Change to "libebml/make/linux" and run make staticlib. If you have root-access then run make install_headers install_staticlib as "root" in order to install the files. Change to "libmatroska/make/linux". Once more run make staticlib. If you have root-access then run make install_headers install_staticlib as "root" in order to install the files.

Note that if you don't want the libraries to be installed in /usr/local/lib and the headers in /usr/local/include then you can alter the prefix (which defaults to /usr/local) by adding an argument prefix=/usr to the install make command. Example:

make prefix=/usr install_headers install_staticlib

2.4. Building MKVtoolNix

Either download the current release from and unpack it or get a development snapshot from my Git repository.

  • Getting and building a development snapshot (ignore this subsection if you want to build from a release tarball)

    All you need for Git repository access is to download a Git client from the Git homepage at . There are clients for both Unix/Linux and Windows.

    First clone my Git repository with this command:

    git clone

    Now change to the MKVtoolNix directory with cd mkvtoolnix and run ./ which will generate the "configure" script. You need the GNU "autoconf" utility for this step.

If you have run make install for both libraries then configure should automatically find the libraries' position. Otherwise you need to tell configure where the "libebml" and "libmatroska" include and library files are:

./configure \
  --with-extra-includes=/where/i/put/libebml\;/where/i/put/libmatroska \

Now run rake and, as "root", rake install. If you don't have "rake" installed yourself then use the version bundled with MKVToolNix: ./rake.d/bin/drake and ./rake.d/bin/drake install.

If you want to use all available CPU cores for building then you have to use drake instead of rake. drake knows the parameter -j much like make does. You can also set the environment variable DRAKETHREADS to a number and the build process will automatically use that number of threads for a parallel build:

./drake -j4



2.5. Notes for compilation on (Open)Solaris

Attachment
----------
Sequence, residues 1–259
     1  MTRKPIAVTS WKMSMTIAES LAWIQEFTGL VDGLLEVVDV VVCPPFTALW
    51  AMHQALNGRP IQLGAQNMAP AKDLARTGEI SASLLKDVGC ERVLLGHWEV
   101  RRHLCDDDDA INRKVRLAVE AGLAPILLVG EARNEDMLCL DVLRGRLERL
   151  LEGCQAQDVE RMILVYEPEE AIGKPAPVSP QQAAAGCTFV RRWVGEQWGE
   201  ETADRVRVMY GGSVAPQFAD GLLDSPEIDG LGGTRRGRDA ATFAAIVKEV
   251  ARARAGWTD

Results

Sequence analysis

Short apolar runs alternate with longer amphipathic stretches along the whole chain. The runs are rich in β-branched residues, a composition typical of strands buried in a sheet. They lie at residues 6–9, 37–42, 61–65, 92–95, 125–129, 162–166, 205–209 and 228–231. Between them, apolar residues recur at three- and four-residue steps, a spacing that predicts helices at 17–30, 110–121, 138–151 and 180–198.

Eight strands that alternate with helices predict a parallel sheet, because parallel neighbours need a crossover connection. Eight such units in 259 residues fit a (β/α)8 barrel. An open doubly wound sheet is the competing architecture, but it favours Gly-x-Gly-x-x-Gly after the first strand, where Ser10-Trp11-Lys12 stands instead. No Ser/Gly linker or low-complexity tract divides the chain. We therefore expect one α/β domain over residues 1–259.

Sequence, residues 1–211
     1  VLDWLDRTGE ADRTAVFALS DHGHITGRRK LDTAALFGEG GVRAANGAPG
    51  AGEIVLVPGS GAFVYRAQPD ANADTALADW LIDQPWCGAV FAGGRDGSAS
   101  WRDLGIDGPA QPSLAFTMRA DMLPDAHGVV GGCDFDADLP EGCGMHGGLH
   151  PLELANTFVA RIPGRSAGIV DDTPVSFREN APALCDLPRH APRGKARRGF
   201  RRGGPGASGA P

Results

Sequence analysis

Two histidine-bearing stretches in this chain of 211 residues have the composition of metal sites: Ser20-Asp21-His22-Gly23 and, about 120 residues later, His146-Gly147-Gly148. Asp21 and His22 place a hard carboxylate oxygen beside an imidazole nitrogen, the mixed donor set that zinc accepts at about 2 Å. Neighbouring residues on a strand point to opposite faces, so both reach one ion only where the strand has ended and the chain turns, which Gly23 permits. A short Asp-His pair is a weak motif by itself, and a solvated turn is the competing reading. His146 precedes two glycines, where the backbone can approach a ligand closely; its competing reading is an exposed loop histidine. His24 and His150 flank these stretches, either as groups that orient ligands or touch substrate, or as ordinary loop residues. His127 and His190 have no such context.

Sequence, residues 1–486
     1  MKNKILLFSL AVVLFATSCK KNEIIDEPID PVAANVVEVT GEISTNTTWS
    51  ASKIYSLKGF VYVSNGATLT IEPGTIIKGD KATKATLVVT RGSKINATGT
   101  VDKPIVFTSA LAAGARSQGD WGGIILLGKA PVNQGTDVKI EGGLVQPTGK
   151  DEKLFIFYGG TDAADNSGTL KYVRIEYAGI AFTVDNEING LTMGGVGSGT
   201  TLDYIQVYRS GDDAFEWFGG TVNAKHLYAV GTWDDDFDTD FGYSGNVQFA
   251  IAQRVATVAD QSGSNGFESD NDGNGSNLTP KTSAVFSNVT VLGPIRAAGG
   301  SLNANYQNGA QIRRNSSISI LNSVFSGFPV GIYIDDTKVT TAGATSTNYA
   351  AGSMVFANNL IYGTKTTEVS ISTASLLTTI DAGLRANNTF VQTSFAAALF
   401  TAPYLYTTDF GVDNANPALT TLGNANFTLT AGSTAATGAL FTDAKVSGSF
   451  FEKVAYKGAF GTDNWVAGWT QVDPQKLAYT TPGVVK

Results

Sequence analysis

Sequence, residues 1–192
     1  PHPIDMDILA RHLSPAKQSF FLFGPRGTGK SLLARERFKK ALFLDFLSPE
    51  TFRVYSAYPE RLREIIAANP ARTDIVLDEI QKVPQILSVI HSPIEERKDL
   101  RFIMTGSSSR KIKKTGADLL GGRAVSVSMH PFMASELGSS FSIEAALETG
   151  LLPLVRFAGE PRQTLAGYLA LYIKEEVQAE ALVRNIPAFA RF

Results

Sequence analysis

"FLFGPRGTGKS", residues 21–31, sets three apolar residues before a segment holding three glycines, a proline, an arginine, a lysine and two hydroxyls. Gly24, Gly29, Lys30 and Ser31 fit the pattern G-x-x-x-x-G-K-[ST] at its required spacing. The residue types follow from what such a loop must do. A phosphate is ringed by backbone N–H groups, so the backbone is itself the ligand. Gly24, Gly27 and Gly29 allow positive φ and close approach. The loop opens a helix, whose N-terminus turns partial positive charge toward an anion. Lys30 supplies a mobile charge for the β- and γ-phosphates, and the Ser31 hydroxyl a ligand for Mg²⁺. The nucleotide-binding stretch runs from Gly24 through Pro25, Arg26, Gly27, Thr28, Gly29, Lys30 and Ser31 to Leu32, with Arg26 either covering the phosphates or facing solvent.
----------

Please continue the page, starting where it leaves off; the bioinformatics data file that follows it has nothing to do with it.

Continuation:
You can compile mkvtoolnix with Sun's sunstudio compiler, but you need additional options for configure:

./configure --prefix=/usr \
  CXX="/opt/sunstudio12.1/bin/CC -library=stlport4" \
  --with-extra-includes=/where/i/put/libebml\;/where/i/put/libmatroska \

2.6. Unit tests

Building and running unit tests is completely optional. If you want to do this then you have to follow these steps:

  1. Download the "googletest" framework from (at the time of writing the file to download was "")

  2. Make gtest usable:

    1. Either extract the framework inside the "lib" sub-folder and rename the resulting folder "gtest-1.6.0" to "gtest"


    2. Extract the archive somewhere and create a symbolic link to it inside the "lib" folder called or create a symbolic link called "gtest".

  3. Configure MKVToolNix normally.

  4. Build the unit test executable and run it with

    ./drake tests:unit

3. Reporting bugs

If you're sure you've found a bug - e.g. if one of my programs crashes with an obscur error message, or if the resulting file is missing part of the original data, then by all means submit a bug report.

I use GitHub's issue system ( ) as my bug database. You can submit your bug reports there. Please be as verbose as possible - e.g. include the command line, if you use Windows or Linux etc.pp.

If at all possible please include sample files as well so that I can reproduce the issue. If they are larger than 1M then please upload them somewhere (e.g. to my FTP server: host name, user name upload, password only) and post a link or note in the bug report.